Finally a sane voice! Thank you! @oldskool50 : Look, buy whatever phone you want, I couldn't care less. But the fact remains that overall Exynos chipsets are rushed and don't undergo proper QC. I can even add that I have kind of an inside source-a friend working at Samsung R&D. He tells me that since SD810 debacle, Qualcomm has stepped up its quality control(QC) game up by a lot. On the other hand, Samsung couldn't be bothered less.

14. SaRPeR

Posts: 147; Member since: Mar 02, 2017

Galaxy S7 series, S8 series, S9 series and S10 series Exynos version is better both in performance and battery life.

5. tedkord

Posts: 17387; Member since: Jun 17, 2009

You can be pretty sure the iPhone doesn't have it. If they did, they'd slap a new name in it (Double Hertz Retina GPS?) and pretend they'd invented it.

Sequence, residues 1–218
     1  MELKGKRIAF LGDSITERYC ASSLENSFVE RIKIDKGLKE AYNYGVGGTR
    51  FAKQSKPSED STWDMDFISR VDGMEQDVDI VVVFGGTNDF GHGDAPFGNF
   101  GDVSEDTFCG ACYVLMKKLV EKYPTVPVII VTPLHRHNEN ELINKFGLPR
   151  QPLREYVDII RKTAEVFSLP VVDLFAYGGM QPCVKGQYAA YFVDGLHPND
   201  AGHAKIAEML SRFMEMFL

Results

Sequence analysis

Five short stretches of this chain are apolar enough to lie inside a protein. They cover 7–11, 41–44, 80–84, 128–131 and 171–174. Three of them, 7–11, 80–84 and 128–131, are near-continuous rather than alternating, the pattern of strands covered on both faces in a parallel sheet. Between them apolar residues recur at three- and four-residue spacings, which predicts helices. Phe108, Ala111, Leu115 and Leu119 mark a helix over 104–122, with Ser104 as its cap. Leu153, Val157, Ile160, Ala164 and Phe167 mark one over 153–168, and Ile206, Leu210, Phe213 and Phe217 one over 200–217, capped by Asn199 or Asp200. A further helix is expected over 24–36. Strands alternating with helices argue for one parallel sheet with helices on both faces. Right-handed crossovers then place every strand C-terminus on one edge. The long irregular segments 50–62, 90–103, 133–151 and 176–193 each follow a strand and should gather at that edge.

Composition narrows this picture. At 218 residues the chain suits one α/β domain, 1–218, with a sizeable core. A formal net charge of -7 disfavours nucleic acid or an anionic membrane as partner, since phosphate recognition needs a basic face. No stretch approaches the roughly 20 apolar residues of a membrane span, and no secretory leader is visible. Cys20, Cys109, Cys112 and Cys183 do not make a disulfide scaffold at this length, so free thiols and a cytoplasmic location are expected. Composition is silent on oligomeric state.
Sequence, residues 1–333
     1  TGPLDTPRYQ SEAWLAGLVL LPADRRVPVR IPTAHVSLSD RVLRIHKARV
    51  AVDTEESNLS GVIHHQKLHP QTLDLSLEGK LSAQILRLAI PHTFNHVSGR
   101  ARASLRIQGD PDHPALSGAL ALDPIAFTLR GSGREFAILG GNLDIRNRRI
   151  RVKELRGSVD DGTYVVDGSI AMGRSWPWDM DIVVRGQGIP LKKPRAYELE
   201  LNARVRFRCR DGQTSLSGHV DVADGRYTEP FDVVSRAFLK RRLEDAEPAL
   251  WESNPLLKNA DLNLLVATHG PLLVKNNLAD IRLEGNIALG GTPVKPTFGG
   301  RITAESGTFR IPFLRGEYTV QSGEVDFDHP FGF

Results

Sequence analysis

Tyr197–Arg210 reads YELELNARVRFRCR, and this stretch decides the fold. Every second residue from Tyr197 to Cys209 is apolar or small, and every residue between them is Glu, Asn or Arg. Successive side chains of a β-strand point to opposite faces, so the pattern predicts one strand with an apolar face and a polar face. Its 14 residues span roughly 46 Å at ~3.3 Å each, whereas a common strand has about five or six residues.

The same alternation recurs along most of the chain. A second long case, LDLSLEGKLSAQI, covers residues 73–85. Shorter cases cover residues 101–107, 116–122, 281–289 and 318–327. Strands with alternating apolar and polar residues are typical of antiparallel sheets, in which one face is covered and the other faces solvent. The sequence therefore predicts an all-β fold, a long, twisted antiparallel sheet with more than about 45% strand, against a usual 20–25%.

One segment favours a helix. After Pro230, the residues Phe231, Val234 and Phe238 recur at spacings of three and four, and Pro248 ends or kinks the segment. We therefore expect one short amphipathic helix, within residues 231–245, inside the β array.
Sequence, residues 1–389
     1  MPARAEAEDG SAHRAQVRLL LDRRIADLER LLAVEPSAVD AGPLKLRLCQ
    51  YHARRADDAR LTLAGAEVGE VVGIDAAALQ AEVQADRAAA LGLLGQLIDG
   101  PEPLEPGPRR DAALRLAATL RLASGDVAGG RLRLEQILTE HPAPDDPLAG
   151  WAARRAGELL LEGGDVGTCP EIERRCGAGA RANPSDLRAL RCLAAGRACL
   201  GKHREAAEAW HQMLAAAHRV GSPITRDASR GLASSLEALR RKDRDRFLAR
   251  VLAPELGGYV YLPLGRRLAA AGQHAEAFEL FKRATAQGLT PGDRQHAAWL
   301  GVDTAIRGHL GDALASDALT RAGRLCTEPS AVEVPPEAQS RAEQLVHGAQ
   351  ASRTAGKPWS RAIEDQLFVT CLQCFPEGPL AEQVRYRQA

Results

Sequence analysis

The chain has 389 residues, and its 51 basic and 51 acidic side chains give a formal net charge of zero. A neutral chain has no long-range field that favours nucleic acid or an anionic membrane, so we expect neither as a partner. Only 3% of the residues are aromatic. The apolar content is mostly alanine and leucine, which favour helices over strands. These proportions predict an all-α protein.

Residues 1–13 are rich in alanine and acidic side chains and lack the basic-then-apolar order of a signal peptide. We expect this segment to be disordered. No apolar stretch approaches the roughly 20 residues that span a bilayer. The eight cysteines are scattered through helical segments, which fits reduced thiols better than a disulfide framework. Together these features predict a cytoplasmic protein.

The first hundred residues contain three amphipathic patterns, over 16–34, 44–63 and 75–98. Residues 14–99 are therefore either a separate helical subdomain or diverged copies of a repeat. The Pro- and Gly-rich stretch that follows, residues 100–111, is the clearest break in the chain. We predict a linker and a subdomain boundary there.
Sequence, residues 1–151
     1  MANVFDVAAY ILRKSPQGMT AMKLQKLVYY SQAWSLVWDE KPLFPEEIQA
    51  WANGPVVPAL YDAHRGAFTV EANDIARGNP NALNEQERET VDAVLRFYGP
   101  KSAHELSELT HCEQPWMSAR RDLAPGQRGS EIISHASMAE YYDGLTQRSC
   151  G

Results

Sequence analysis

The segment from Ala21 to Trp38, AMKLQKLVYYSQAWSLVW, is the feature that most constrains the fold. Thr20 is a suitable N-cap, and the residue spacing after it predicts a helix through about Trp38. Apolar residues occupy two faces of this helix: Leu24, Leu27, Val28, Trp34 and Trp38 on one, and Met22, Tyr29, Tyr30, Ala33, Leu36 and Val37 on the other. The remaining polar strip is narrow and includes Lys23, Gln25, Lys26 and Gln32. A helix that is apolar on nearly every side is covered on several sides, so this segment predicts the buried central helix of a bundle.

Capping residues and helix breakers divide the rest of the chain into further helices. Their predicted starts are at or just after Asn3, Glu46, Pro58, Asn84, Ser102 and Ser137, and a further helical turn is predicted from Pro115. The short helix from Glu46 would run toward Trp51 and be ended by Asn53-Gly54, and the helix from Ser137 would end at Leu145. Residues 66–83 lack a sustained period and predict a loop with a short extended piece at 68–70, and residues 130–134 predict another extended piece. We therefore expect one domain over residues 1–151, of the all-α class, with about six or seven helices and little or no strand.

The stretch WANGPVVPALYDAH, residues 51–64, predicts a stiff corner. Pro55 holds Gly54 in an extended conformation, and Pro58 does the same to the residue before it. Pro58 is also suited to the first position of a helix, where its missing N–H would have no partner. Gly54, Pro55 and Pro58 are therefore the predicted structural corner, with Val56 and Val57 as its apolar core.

6. Quantify

Posts: 9; Member since: Apr 12, 2015

Galileo working just fine on my Pixel 3a. My understanding is that the legal issues were resolved. currently getting GPS, GLONASS, and Galileo, along with SBAS from GPS. Sadly, L1/E1 in Carrier Frequency.

7. jacky899

Posts: 431; Member since: May 16, 2017

Wow that 13 ft. on the Huawei and Honor is pretty amazing. I know Samsung GPS is one of its weak points, especially the older Galaxies frequently have problems connecting to the GPS and drops connection randomly. Never had that problem with the Iphones I used.